Wednesday, August 3, 2011

Q&A with Mary Jo Putney

Every now and then, something I read raises a question in my mind that continues to niggle away until I need to find out more about it.  In my review of Nowhere Near Respectable, when speculating on the "believability" (for lack of a better word) of Kiri and Adam's acceptance into the British ton, my first thought was, "that would never really fly," thinking more of 19th century American attitudes toward race.  My second thought was, "well huh, Britain is much less racist than America, so maybe?" thinking of early 20th century examples of famous African Americans like Josephine Baker.  My third thought? "I have no idea whatsoever." Thus, the niggle.

A little superficial googling will bring up articles on immigration and racism in Britain, and Anglo/Indian politics and tensions, but nothing much is readily available about the aristocracy.  So I decided to go to the source, and emailed Mary Jo Putney directly.  I was properly thrilled to receive a gracious, in-depth reply, along with permission to post our conversation.

Nicola: Hi Ms. Putney!  I'm a longstanding fan of yours and recently read and reviewed Nowhere Near Respectable on my blog.  I really enjoyed the story very much (as well as the first Lost Lord book) but I was wondering a little about the biracial heroine, and if you would be interested in a little interview or follow-up on the topic?

MJP: I'm happy to discuss this topic because it interests me.  I've had a number of mixed race protagonists.  Partly that is because it's easier to have such a character in a Regency historical if one of the parents is English and well-born.  Partly it's because the world's great diversity fascinates me.  Lastly, being caught between two worlds is a good metaphor for the feeling of not belonging that most of us experience as some times in our lives. (Especially but not exclusively in adolescence.)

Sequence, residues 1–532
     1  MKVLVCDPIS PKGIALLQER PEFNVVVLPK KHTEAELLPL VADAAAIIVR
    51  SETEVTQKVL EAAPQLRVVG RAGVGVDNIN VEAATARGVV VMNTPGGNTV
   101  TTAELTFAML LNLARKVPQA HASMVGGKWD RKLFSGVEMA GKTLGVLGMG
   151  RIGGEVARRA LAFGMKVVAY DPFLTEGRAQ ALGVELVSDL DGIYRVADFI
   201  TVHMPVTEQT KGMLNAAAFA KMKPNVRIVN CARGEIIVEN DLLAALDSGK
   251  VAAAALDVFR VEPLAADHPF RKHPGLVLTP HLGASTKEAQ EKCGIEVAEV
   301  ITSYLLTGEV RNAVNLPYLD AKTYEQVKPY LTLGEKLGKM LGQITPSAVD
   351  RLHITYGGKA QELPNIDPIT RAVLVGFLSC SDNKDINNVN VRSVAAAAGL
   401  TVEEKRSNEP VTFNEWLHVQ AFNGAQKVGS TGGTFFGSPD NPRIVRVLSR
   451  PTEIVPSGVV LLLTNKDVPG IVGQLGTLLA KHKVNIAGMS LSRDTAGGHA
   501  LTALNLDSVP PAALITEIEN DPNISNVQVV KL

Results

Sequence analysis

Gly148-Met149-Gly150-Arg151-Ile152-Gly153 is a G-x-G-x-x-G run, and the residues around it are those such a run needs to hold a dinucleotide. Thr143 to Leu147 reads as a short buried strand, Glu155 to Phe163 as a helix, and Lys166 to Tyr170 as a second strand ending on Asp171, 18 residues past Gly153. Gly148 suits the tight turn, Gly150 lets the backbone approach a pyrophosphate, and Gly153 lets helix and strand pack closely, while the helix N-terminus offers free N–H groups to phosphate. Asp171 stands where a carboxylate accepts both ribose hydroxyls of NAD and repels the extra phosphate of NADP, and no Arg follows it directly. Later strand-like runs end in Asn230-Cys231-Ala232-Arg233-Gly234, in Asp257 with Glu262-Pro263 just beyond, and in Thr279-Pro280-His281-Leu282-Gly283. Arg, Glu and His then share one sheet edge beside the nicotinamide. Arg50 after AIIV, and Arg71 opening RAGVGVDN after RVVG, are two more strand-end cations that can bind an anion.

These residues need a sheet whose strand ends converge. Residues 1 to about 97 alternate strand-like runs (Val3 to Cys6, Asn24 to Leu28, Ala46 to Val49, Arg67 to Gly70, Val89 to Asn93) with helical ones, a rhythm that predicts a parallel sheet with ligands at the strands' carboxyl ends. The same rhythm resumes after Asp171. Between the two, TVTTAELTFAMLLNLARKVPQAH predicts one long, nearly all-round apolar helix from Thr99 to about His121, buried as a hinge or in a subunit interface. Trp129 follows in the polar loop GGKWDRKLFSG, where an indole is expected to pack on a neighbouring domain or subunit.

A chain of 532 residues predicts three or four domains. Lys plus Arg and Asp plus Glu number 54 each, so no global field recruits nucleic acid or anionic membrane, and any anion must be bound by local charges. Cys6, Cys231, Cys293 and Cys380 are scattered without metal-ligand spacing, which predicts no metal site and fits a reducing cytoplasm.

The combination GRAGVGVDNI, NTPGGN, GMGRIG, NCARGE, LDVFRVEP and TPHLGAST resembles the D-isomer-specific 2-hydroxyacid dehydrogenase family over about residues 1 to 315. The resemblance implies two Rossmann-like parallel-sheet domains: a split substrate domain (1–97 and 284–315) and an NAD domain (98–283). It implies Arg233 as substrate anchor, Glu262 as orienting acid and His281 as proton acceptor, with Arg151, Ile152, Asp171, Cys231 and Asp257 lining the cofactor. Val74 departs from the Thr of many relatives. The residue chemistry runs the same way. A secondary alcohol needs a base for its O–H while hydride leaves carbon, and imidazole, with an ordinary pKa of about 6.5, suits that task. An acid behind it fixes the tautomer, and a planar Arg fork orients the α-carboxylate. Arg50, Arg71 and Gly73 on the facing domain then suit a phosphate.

Nicola: I'm convinced that the not-belongingness is the root of the paranormal popularity, especially the typical arc where the main character, like Harry Potter, spends a good chunk of their life not belonging, and then experiences the joy of realizing that no, it's not their imagination, they really ARE different, and furthermore, finding their "tribe" where they DO belong.  It's a pet theory of mine. :-)

MJP: VERY interesting, Nicola! I hadn't thought of it, but I'm sure you're right, especially with the many YA paranormals.

That said, Lady Kiri was confident as a golden retriever. She was raised with wealth, position, and a loving family, and had no self esteem issues to speak of.  That was a deliberate contrast with her brother Adam, hero of Loving a Lost Lord, who was raised in very different circumstances and felt the need to bury the non-English side of his nature.  (Much of his character arc in that book is accepting that side of him.)

Nicola: I loved that about Kiri!  no victim-ness or self-pity about her.

Nicola: First I want to say that I don't mean to put you on the spot or try to play "spot the historical error" - I am no historian at all and if the answer to all the questions is "I made it up because it makes a great story," I think that's fantastic!